The European Commission says it is referring the ACTA anti-piracy treaty to the European Union’s top court. The Court of Justice will be asked to assess whether ACTA is incompatible with the EU’s fundamental rights and freedoms including freedom of expression and information. An ECJ ruling should “cut through this fog of uncertainty” says the EU’s trade chief.
In an announcement this morning, EU trade chief Karel De Gucht said that following discussion with fellow Commissioners, the Anti-Counterfeiting Trade Agreement (ACTA) will be referred to the European Court of Justice.
ACTA, a treaty aimed at harmonizing copyright enforcement globally, has been mired in controversy from its inception not least since its formulation has taken place behind closed doors. Critics fear it would introduce more online censorship and increased surveillance of Internet users.
“We are planning to ask Europe’s highest court to assess whether ACTA is incompatible – in any way – with the EU’s fundamental rights and freedoms, such as freedom of expression and information or data protection and the right to property in case of intellectual property,” said De Gucht.
During the past few weeks protests against ACTA have swept across Europe, with citizens taking to the streets in several major cities. De Gucht said he understands why people are worried.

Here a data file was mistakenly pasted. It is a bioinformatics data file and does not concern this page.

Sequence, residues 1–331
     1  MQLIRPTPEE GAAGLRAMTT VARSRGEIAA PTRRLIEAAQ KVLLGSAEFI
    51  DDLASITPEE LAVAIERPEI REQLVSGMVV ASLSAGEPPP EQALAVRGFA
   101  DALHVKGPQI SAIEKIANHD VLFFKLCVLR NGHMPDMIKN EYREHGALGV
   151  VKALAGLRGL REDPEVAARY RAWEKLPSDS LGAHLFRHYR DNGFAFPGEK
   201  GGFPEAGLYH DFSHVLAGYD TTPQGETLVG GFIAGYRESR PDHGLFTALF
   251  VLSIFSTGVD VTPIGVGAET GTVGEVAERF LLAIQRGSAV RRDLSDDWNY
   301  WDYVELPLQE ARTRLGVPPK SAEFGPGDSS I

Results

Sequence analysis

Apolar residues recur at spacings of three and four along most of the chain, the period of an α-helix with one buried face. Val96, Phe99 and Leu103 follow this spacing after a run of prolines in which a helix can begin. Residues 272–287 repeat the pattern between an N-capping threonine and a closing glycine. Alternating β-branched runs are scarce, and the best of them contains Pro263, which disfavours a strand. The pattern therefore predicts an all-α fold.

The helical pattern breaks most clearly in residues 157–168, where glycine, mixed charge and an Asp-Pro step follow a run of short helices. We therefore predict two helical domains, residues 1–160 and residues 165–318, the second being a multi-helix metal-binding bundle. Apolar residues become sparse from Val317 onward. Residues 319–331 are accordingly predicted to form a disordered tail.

“I share people’s concern for these fundamental freedoms. I welcome that people have voiced their concerns so actively – especially over the freedom of the internet. And I also understand that there is uncertainty on what ACTA will really mean for these key issues at the end of the day,” the trade chief said.
“So I believe that putting ACTA before the European Court of Justice is a needed step. This debate must be based upon facts and not upon the misinformation or rumor that has dominated social media sites and blogs in recent weeks.”
De Gucht insists that ACTA will not lead to the censorship or closing down of websites and will not hinder freedom on the Internet or freedom of speech, but said that the referral to the European Court of Justice would help “cut through this fog of uncertainty.”
So far the ACTA agreement has been signed by 22 EU member states, but several countries including Germany, Netherlands, Denmark, Poland, Bulgaria and Czech Republic have backed away (at least temporarily) from ratifying the agreement following the recent protests.
Australia, Canada, Japan, South Korea, Morocco, New Zealand, Singapore and the United States signed ACTA last October, leaving acceptance in the European Parliament and EU member states as the final hurdle before it goes into effect. The Court of Justice’s view on ACTA’s compatibility with EU’s fundamental rights and freedoms will be key for many lawmakers.
Previously researchers concluded that ACTA does indeed violate human rights. Whether the Court of Justice will reach a similar conclusion has yet to be seen, but in two previous rulings on anti-piracy filters the court placed the rights of the general public above those of copyright holders.